Nitrogen Indicator

The Nitrogen Indicator (official name: Indicator of the Risk of Water Contamination by Nitrogen) evaluates the risk of water contamination by nitrogen across agricultural areas in Canada. This indicator uses the Residual Soil Nitrogen Indicator, which calculates the amount of nitrogen left in the soil after harvest; as well as subsequent climatic factors to determine the risk of nitrogen reaching surface and ground water. It is important to note that the indicator examines risk of nitrate leaching—that is soluble nitrogen that has passed through the soil profile into ground water or into tile drainage water—rather than losses of nitrogen in surface runoff, which are considered to be minor. The indicator has tracked nitrogen risk associated with Canadian agricultural activities from 1981 to 2016.

Overall state and trend

In 1981, 80% of the farmland in Canada was in the very low risk category for the Indicator of Water Contamination by Nitrogen (IROWC-N). However, in 2016 only 49% of farmland was in the very low risk category, whereas 25% was in the low risk, 10% in the moderate risk and 16% in the high and very high risk categories. Over the past 36 years, the risk of annual nitrogen loss through leaching (percolating into the soil) has increased by 51% (from 4.3 kg N ha-1 to 6.5 kg N ha-1) and the nitrogen concentration in leached water has increased threefold from 3.2 to 9.7 mg N L-1.

The Residual Soil Nitrogen Indicator

The Residual Soil Nitrogen Indicator estimates how efficiently nitrogen is used in soils. It is estimated as the difference between total nitrogen inputs to agricultural soils (fertilizer and manure, fixation by leguminous plants, wet and dry atmospheric deposition) and total nitrogen outputs, which consist of harvested crops and gaseous losses, including ammonia and nitrous oxide. Surplus nitrogen, mostly in the form of water-soluble nitrate, may remain in the soil over the winter and be used by the next crop. Alternatively, it may be lost to the environment by leaching—a process in which water percolates through the soil, carrying nitrates into ground water or into drainage water from tile-drained fields. These nitrogen leaching losses are not included in the Residual Soil Nitrogen Indicator as the majority of these losses occur in the period between growing seasons. For these reasons, the Indicator of the Risk of Water Contamination by Nitrogen has been developed to estimate the leaching losses of nitrate from agricultural soils.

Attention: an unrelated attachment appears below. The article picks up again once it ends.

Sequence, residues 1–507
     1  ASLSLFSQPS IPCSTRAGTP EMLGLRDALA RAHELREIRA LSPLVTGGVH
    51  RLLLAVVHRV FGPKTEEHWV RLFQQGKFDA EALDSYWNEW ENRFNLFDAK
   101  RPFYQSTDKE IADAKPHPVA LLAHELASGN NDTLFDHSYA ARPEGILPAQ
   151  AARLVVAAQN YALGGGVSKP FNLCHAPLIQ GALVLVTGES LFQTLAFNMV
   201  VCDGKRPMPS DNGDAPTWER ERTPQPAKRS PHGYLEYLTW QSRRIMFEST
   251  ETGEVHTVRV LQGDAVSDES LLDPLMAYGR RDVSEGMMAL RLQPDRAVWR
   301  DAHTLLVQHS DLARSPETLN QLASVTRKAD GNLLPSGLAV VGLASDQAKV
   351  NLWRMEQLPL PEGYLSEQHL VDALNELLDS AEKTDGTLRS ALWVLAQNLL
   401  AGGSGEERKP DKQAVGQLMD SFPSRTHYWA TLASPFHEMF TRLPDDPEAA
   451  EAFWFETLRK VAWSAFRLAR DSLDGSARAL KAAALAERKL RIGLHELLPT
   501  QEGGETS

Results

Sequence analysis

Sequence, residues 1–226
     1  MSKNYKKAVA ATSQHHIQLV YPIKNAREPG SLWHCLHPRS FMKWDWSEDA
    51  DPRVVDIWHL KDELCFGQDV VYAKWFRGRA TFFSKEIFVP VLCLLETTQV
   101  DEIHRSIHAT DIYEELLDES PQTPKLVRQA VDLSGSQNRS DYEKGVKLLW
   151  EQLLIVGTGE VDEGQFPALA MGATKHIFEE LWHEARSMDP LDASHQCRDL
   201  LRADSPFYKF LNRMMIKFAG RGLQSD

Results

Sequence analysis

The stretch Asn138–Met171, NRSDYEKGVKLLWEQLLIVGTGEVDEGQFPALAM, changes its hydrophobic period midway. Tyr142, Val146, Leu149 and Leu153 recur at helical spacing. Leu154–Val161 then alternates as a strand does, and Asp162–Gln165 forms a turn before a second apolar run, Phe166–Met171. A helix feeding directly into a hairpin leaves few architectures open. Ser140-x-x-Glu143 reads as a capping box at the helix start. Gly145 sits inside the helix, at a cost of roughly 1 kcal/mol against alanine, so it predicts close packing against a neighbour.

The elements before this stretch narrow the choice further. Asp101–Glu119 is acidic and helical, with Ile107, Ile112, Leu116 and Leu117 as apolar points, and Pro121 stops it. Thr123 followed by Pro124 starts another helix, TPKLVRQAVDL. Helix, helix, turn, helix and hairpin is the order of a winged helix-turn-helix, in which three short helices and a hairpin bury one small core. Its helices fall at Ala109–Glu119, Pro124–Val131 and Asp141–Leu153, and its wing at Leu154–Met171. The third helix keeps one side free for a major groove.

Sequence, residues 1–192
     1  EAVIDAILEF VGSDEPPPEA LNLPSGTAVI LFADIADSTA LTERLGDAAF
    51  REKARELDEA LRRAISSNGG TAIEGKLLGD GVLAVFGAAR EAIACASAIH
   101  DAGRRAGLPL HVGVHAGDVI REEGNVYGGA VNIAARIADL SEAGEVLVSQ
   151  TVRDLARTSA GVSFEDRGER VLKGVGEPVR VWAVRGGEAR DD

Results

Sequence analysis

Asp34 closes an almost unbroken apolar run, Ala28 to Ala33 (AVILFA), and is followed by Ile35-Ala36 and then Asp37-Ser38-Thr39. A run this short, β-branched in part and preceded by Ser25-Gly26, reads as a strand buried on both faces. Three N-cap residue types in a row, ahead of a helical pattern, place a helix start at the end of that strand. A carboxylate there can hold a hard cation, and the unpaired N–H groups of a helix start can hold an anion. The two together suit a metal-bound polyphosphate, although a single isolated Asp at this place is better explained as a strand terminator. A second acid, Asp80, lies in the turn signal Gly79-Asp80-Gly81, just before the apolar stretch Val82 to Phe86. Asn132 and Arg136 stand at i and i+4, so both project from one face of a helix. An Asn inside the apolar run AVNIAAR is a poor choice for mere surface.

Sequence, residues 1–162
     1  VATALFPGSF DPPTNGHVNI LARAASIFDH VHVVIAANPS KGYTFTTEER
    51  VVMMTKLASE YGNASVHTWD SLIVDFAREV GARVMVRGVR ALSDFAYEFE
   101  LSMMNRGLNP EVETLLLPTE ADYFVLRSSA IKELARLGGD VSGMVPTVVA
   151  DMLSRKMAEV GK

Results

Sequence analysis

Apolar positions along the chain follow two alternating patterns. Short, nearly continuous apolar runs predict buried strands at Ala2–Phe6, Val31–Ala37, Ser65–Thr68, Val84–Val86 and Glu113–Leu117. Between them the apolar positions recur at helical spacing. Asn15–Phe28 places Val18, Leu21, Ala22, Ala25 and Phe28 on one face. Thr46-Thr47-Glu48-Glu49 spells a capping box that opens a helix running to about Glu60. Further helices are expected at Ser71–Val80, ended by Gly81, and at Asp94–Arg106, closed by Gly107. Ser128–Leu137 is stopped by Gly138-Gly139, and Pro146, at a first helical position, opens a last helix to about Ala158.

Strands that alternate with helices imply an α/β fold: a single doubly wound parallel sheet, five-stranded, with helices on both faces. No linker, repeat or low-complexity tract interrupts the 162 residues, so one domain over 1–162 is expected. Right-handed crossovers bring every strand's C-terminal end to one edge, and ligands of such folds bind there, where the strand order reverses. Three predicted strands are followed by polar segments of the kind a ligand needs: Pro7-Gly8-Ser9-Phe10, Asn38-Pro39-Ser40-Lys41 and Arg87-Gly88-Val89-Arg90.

Current status of the Residual Soil Nitrogen Indicator

Residual soil nitrogen levels on farmland in Canada were in the ‘Desired’ risk class in 1981, but decreased to the “Good” risk class in 2016 (see performance index below) as a result of increases in nitrogen inputs such as fertilizer, particularly since the mid-1990s. However, the outputs did not increase to the same extent as the inputs.

Figure 1: Residual Soil Nitrogen Performance Index
Description of this image follows.
Description - Figure 1
Year Index Value
1981 81
1986 79
1991 79
1996 68
2001 46
2006 67
2011 57
2016 60

The performance index tends to aggregate and generalize trends and so should be viewed as a policy tool to give a general overview of state and trend over time.

About the performance indices

More results and information on the Residual Soil Nitrogen Indicator can be found in the publication entitled Environmental Sustainability of Canadian Agriculture, Agri-Environmental Indicator Report Series - Report #4 .

Use the interactive map below to zoom in and explore different regions. Although 80% of agricultural land in Canada was in the very low class in 1981, only 49% of the land was in the very low class in 2016 (Table 4). Note, however, that 55% and 64% of the agricultural land in Saskatchewan and Alberta, respectively, were in the very low risk class in 2016. This is owing to the lower amount of precipitation in these provinces, leading to a lower risk of drainage from agricultural soils. Higher risk classes can be observed in Central and Atlantic Canada, where precipitation rates are higher. Risk is also closely tied to nitrogen inputs and RSN levels, which have steadily increased over 35 years (Fig. 5).

From 1981 to 2016 there has been a steady increase in risk in many regions of Canada, particularly in the Maritimes and in parts of Quebec, Manitoba, central British Columbia, and northern areas of Saskatchewan and Alberta.

Figure 2: Risk of contamination of surface water by nitrogen in Canada in 2016
Very Low Low Moderate High Very High